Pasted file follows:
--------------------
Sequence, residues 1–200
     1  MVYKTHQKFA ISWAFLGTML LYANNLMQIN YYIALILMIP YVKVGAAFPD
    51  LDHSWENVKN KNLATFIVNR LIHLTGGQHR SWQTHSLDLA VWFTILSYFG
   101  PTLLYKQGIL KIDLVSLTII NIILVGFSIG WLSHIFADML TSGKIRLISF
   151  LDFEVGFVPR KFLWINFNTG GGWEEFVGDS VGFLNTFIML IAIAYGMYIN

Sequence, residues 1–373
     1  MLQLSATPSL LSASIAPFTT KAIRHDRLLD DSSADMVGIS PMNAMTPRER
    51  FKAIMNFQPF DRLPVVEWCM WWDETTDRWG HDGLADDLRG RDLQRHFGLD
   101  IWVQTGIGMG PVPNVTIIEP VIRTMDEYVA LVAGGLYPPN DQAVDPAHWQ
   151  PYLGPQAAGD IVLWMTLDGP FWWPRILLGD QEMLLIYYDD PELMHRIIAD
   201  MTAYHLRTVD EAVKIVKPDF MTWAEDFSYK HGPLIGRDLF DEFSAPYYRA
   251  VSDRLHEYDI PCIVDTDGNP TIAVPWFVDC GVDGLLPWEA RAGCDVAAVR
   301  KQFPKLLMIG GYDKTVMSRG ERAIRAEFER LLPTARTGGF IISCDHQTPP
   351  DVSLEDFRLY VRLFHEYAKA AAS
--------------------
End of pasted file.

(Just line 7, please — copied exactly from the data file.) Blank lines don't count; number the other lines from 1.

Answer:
     1  MLQLSATPSL LSASIAPFTT KAIRHDRLLD DSSADMVGIS PMNAMTPRER